The crises of 2020 were relentless. And when the bad news just keeps coming and it feels there’s no end in sight, no clear solution or relief, it can be easy to fall into total despair. George Bailey experiences this very thing in “It’s a Wonderful Life.” George passed on his own dreams so the dreams of others could be realized and those he loved could be happy, and for awhile he appears okay with that. Then a series of crises compound, and old trauma and resentments quickly rise to the surface. George, completely devoid of hope and solutions, is now staring into the icy churning waters of a river flowing beneath him. For all his good deeds and sacrifices, look at how bad things are. What was it all for? He contemplates how the world might be better off if he wasn’t here, or if he never existed at all.
George’s scenario got me thinking about the exhaustive work so many people have been doing all throughout the COVID-19 pandemic, only to have things stay the same, or get worse, day in and day out, with no relief in sight. When there’s no clear impact or positive change to motivate you, to reassure you that your sacrifices and work matters, how do you keep going? How do you resist despair and hopelessness?
I think the answer is similar to what we see in “It’s a Wonderful Life.” George can’t see his positive impact until he’s shown a world without him in it. Perhaps we need to briefly imagine what the world would look like without those forces of good working hard to help others.
What would our world look like now if helplines, contact centers, and other community services didn’t exist?
Contact centers and Information and Referral services like 2-1-1 commonly act as their community’s primary source of information about COVID-19, providing information on everything from common symptoms to look for and where to go to get tested. In many cases 2-1-1 became the official state/provincial source of COVID-19 information. Without that centralized information delivery service, health departments, emergency rooms, and medical offices are overwhelmed with people seeking information. Phone lines jam and human resources are syphoned from direct care treating those who are ill. Fewer people know where to get tested. More people get sick, and more lives are lost as a result.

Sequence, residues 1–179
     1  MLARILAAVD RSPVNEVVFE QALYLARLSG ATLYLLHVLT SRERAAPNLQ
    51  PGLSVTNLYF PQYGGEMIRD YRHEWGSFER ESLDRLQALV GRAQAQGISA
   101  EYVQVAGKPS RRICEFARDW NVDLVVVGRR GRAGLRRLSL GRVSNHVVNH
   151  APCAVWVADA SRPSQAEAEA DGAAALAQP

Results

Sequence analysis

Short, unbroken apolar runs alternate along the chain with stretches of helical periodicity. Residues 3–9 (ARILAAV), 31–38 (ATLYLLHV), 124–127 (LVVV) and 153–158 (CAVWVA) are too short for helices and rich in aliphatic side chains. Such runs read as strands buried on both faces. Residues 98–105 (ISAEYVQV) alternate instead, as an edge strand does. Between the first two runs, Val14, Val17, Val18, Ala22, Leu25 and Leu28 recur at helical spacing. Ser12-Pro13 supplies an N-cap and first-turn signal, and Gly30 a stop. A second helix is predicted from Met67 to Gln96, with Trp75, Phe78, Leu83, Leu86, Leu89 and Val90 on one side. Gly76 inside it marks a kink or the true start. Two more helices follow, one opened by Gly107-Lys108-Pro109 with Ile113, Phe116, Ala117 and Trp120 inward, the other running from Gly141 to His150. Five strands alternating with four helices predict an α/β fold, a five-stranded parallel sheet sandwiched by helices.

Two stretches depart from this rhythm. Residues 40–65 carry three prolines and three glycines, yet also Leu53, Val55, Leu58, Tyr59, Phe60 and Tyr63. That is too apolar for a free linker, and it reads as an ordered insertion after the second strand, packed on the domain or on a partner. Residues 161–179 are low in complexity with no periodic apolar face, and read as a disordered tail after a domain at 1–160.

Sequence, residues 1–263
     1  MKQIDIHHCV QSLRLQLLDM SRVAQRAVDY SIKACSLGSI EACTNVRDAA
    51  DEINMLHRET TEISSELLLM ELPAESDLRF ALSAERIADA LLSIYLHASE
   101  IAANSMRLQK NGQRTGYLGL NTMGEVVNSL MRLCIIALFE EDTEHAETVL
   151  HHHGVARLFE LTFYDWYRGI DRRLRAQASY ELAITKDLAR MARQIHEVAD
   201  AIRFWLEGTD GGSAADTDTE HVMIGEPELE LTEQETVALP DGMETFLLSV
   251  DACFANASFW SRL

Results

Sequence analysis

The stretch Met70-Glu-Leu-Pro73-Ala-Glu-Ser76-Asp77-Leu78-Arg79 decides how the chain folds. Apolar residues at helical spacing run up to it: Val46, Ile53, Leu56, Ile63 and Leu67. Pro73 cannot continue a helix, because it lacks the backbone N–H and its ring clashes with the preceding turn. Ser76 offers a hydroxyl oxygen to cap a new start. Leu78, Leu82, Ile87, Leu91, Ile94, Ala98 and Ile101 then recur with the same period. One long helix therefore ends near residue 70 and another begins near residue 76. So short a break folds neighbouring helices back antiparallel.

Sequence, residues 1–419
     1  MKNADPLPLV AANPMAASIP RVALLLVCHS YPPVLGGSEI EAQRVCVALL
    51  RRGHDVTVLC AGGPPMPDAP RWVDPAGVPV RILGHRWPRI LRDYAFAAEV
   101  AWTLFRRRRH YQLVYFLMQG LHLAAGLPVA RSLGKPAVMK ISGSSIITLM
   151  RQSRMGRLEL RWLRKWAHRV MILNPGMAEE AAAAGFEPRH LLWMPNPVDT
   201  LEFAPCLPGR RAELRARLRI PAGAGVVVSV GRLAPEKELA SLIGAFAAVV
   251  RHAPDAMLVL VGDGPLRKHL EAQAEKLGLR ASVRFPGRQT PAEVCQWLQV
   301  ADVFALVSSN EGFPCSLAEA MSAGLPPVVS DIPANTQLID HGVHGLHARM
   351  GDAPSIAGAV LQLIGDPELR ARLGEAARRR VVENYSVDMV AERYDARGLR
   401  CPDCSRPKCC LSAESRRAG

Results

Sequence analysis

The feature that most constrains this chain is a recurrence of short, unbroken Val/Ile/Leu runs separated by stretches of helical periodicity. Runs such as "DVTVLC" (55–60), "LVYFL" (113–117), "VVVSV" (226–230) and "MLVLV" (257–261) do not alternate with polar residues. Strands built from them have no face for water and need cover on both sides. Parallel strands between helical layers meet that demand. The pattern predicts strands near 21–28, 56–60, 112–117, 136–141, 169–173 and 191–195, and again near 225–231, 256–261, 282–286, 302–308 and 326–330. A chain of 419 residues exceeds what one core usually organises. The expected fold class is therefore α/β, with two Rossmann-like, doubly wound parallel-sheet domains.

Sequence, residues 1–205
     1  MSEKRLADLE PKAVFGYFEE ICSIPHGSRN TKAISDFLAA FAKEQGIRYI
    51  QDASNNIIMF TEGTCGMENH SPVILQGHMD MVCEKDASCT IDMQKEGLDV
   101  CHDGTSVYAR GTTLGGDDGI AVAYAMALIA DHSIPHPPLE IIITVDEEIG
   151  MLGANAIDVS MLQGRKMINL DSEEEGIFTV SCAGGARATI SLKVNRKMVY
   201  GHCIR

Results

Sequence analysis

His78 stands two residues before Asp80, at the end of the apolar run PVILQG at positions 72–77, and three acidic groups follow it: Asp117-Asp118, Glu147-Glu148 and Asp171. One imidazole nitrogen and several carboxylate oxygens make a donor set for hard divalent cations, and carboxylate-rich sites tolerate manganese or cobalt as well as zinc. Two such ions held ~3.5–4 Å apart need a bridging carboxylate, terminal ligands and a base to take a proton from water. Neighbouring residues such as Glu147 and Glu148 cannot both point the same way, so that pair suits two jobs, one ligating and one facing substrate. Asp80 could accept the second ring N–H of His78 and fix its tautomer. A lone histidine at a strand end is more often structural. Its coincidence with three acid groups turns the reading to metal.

The economic fallout from the pandemic will be with us for some time. Some say the financial recovery may take longer than public health recovery. Thankfully, people looking for financial assistance for their very survival—help with utilities or food—had places to reach. Places where a compassionate and knowledgeable specialist could, in a single interaction, provide ideas and resources that may help with several needs. Without those contact centers, those in need are left feeling lost and overwhelmed. Already worn down by their situation, they must now spend time and effort navigating the network of community services on their own. They don’t know how the systems work. They are frustrated and even more overwhelmed. It takes longer to access assistance. They miss several meals. They only find out about a fraction of the services for which they were eligible.
Quarantines and stay-at-home orders kept people at home more, and for many the people they live with are a source of comfort. For others, it’s a source of conflict or even danger. Suddenly, vulnerable individuals suffering abuse at the hands of a parent or partner, or LGBTQIA youth living with unsupportive family members, were cut off from their daily escapes and support systems. Without services specializing in providing safety and emotional support, they become more isolated. Tensions in the household rise. Abused partners and Queer youth have no professional confidential counseling to access quietly and privately through chats or text messages. There’s no emergency shelter to escape to.
Viruses and physical health have taken center stage this year, but the mental health toll is undeniable. We’ve been going through a collective, worldwide trauma. Everything familiar was disrupted and the entire concept of “normal” disappeared overnight. Many people are experiencing emotions they aren’t sure what to do with, and they aren’t ready to talk to their friends or loved ones. Others lack those connections and are processing things all on their own. Imagine a world without an outlet to help one cope with those feelings. No warmlines or impartial empathetic listeners, no crisis or suicide prevention services. The emotional suffering deepens and spreads, and we lose even more people to a different type of pandemic—suicide—that was present long before COVID-19.